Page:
At least one group of animals has done this _ the Elysia sea slugs. These beautiful green creatures graze on algae, and co-opt their chloroplasts for themselves. The pilfered chloroplasts line the slug_s digestive tract, provide it with energy, and allow it to _live as a plant_, as Elysia expert Mary Rumpho describes it. This association is vital to the slug, which cannot reach adulthood without it.
Taking a leaf
It_s still unclear how the slugs maintain and use their chloroplasts. These structures aren_t green USB sticks. You cannot plug them into a fresh host cell and expect them to work normally, because many of the proteins that they use are encoded within the genome of their host cell. These proteins, which number in their hundreds, are made in the cell_s nucleus, and transported into the chloroplast. Elysia_s genome contains at least one algal gene, and while more could lie in wait, it_s unlikely to contain the hundreds necessary to sustain a functional chloroplast.
That_s a mystery for another time. For now, Chris Howe from the University of Cambridge says, _If you wanted to set up a relationship between a chloroplast and a new animal host, you_d need all that extra support machinery. You_d have to put those genes in the host_s genome._ And with hundreds of such genes, turning a human cell into a compatible home for chloroplasts would involve genetic engineering on a vast scale.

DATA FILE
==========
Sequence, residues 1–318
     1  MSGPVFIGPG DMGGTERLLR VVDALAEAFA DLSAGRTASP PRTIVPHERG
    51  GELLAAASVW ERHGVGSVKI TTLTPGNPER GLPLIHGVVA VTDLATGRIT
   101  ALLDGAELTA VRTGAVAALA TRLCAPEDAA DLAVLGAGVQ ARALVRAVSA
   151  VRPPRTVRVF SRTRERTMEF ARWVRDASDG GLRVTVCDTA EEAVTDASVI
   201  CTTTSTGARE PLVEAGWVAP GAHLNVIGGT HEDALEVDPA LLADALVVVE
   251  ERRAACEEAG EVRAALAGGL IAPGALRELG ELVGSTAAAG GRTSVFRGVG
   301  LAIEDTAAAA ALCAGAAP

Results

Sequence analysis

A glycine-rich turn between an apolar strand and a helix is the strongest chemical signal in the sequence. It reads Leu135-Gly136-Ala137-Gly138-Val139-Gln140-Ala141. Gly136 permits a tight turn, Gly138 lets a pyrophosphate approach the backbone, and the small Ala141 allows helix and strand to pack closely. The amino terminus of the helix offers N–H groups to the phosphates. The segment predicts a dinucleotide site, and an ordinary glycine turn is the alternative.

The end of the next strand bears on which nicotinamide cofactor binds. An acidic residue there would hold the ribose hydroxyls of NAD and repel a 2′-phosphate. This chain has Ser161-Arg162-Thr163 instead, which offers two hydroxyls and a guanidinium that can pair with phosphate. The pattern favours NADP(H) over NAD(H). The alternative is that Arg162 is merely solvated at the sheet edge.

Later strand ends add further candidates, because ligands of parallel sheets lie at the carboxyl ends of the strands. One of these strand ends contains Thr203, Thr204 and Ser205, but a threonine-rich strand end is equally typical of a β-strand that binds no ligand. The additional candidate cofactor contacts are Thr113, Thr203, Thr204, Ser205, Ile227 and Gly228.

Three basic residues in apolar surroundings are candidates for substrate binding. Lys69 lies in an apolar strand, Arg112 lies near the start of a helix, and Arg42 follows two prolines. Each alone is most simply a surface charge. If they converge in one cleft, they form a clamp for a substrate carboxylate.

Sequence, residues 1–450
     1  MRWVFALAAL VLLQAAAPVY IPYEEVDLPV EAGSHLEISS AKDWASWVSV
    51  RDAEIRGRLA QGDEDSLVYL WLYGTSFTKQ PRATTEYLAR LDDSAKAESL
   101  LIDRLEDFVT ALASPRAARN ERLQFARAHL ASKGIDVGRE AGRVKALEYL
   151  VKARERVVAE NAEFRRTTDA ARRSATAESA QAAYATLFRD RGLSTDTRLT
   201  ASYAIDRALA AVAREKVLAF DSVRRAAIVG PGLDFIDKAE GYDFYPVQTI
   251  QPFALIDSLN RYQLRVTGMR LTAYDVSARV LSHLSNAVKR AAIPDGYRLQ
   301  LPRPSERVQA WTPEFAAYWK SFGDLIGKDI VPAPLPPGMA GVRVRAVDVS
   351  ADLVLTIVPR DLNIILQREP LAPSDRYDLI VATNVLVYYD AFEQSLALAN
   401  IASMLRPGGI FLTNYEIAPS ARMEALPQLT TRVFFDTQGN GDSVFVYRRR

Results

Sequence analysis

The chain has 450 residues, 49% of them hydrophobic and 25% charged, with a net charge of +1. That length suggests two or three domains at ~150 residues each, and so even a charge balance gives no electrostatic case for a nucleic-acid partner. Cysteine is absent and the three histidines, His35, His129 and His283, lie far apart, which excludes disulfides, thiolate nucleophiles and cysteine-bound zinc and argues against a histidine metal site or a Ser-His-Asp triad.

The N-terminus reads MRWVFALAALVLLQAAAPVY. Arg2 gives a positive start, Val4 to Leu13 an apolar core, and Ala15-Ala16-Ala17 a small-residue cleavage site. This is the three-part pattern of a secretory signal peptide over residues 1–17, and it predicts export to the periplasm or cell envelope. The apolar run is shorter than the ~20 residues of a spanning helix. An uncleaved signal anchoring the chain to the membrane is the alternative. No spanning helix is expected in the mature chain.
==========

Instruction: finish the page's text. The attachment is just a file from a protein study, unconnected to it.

And to what end? Even if the symbionts took, even if the controlling genes were successfully added, would this make a difference to us? Probably not. Photosynthesis is a useless ability without some way of exposing yourself to as much of the Sun_s energy as possible. That requires a large surface area, relative to their volume. Plants achieve that with large, horizontal, light-capturing surfaces _ leaves. Elysia, the sea slug, being flat and green, looks like a living leaf. It_s also translucent, so light can pass through its tissues to the chloroplasts within.
Humans, on the other hand, are pretty much opaque columns. Even if our skin was riddled with working chloroplasts, they would only manufacture a fraction of the nutrients we need to survive. _Animals need a lot of energy, and moving at all doesn_t really jive well with photosynthesis,_ says Agapakis. _If you imagine a person who had to get all of their energy from the sun, they_d have to be very still. Then, they_d need a high surface area, with leafy protrusions. At that point, the person_s a tree._
And why would be bother? Agapakis points out that by domesticating wild plants, and growing them for food, we have effectively outsourced the process of photosynthesis on a massive scale. Agriculture is a global symbiosis _ our version of what the pea aphid does, without the faff of maintaining symbionts in our own bodies. We just plant them in fields.